How to Get Gorilla Glue Off Skin (and Other Surfaces)

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Known as the best solution for when your gorilla (or just about anything else) breaks, Gorilla Glue is one of the strongest types of super glue currently on the market.

Unfortunately, this also means spills can leave you in a sticky situation. Fear not, we’re here to tell you how to get Gorilla glue off skin and other delicate surfaces. The process is the same with Krazy Glue, Super Glue, or similar types of fast setting glues.

See Also: What is PVA Glue?

How to Remove Gorilla Glue from Skin

While Gorilla glue is great for crafts, it’s not so great on skin. Thankfully, the glue formula is designed to break down with the right household solvents and a little effort.

The following three steps will get glue off hands and other exposed skin.

#1 – Sopping Up

Gorilla glue dries quick, but having a clean rag or paper towels on-hand can make cleanup even quicker. Try to wipe up as much as possible while the glue’s wet. You should then be able to wash away any residue with soapy water.

#2 – Dissolving

Acetone (and especially acetone-based nail polish remover can dissolve all sorts of chemicals with minimal risk to skin. Simply soak the affected skin in acetone for a few minutes. An alternative is to use cold, soapy water. Washing thoroughly can loosen the glue enough to be scraped off, although this method is less effective than acetone.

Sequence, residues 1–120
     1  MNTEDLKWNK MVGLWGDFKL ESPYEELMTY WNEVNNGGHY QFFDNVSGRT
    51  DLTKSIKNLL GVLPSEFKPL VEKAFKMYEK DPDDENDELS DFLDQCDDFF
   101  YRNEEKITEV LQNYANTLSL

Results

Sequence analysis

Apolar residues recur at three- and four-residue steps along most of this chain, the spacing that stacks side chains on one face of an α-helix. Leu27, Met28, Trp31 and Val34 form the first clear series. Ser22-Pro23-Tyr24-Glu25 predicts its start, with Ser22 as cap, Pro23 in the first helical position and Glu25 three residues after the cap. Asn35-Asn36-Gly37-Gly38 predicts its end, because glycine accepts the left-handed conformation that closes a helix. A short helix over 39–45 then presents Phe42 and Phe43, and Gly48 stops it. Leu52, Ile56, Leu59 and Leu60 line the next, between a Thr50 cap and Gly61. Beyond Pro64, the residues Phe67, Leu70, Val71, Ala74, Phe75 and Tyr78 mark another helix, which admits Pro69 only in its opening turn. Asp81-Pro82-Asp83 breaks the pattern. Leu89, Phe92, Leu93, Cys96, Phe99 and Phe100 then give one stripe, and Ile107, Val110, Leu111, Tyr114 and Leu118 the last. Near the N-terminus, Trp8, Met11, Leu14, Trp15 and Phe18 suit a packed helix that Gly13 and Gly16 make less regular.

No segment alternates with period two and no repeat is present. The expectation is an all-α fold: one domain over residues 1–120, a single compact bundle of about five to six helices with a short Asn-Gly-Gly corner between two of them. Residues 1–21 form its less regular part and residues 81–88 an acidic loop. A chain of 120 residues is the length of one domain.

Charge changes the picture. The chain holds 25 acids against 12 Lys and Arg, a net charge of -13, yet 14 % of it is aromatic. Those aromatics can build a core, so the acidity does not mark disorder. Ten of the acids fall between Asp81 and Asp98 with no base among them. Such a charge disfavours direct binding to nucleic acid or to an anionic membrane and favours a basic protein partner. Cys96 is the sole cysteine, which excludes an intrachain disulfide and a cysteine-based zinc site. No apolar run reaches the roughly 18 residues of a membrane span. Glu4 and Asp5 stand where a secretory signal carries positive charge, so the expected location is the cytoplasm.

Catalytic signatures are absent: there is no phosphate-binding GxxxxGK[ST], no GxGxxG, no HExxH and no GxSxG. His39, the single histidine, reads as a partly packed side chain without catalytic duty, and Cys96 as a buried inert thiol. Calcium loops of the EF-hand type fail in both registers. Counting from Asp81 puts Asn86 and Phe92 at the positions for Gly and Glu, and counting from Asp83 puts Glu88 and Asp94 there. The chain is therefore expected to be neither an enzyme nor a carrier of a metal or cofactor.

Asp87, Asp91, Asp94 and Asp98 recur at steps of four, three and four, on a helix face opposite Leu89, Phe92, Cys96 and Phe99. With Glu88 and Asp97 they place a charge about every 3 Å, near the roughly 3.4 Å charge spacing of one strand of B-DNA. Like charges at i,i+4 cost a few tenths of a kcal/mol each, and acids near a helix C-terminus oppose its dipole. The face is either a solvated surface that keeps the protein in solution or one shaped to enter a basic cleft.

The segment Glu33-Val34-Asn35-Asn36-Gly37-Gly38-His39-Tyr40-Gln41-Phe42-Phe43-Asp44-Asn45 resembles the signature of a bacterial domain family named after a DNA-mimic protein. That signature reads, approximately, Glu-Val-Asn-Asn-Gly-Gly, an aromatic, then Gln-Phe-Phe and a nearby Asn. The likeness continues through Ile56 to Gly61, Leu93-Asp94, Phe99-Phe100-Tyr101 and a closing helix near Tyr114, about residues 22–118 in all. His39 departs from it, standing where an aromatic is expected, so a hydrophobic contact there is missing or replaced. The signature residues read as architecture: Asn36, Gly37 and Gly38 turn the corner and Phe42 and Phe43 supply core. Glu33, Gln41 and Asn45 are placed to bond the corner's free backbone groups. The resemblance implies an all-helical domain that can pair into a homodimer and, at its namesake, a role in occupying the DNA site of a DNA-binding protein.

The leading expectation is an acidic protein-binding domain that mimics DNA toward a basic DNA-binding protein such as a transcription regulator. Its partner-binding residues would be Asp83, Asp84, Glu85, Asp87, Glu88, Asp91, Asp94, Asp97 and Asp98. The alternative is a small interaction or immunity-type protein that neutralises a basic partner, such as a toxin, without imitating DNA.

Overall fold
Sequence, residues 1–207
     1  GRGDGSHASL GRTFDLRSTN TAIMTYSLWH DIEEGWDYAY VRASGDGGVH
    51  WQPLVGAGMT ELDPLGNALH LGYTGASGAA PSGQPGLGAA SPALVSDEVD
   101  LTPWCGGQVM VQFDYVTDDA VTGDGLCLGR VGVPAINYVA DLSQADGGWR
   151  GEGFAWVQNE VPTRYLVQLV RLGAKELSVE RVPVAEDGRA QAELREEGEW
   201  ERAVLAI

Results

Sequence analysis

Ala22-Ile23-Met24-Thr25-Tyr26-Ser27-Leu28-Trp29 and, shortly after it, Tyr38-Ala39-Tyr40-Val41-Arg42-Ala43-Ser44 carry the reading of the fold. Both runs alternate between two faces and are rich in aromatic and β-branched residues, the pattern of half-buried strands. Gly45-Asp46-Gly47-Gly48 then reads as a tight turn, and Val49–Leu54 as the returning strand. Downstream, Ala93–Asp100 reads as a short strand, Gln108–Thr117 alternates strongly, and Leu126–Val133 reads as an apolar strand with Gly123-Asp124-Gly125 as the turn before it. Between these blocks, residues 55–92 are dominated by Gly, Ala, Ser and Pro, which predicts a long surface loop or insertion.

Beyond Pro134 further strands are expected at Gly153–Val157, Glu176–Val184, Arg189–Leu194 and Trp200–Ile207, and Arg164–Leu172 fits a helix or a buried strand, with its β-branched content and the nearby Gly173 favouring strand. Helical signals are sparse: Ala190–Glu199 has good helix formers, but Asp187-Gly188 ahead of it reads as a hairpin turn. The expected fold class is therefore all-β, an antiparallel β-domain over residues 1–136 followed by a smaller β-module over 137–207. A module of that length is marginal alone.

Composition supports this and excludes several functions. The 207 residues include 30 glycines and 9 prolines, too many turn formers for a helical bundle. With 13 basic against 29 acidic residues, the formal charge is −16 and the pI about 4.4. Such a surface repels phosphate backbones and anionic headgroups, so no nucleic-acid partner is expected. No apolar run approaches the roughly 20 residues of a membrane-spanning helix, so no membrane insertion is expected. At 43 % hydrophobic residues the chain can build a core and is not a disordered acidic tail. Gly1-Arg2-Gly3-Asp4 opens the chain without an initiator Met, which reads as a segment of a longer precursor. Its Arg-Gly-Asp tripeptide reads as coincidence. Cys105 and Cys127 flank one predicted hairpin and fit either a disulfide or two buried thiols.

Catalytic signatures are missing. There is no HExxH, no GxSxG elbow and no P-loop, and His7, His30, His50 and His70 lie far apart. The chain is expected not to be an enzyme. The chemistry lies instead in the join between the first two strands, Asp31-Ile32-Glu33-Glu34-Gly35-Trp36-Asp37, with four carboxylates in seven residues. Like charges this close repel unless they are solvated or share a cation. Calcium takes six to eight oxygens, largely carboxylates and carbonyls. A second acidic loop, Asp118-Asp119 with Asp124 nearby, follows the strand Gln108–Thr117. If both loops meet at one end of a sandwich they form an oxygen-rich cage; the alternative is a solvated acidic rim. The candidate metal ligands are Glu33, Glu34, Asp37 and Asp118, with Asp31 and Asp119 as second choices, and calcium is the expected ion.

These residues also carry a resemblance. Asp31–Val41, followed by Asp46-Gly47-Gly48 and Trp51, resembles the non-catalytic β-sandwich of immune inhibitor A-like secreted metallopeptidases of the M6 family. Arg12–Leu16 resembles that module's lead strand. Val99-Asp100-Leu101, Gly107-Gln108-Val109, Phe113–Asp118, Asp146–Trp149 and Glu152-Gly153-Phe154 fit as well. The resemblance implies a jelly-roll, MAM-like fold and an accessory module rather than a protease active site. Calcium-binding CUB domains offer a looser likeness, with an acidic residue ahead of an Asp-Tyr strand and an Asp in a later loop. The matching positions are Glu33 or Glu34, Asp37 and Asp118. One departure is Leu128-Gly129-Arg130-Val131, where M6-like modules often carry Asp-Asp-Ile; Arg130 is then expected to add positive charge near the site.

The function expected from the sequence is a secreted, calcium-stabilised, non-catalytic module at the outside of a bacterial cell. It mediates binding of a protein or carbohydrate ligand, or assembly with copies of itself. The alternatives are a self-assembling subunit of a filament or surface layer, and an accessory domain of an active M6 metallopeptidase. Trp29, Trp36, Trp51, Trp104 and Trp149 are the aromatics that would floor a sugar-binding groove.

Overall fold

#3 – Abrasion/Exfoliation

Once you’ve gotten the worst off your skin, you will need to use an abrasive to get the rest. This can be an exfoliating beauty product or a mix of sea salt and oil or coconut oil. Abrasives will exfoliate the skin, getting rid of any remaining dried glue.

A Note on Fingers

Getting glue off fingers can be a little more complicated if you’ve glued those fingers together. Under no circumstances should you try to force the fingers apart, as this can easily tear the skin.

Instead, soak the fingers in acetone and try to spread them naturally. The glue will eventually soften enough for your fingers to come apart on their own.

Here’s another method that also works well in most cases:

How to Remove Gorilla Glue from Other Surfaces

While skin requires just a little patience, getting the glue off other surfaces can take a lot more care. The following materials may require special attention to safely remove the glue.

Off Clothes

remove super glue from clothes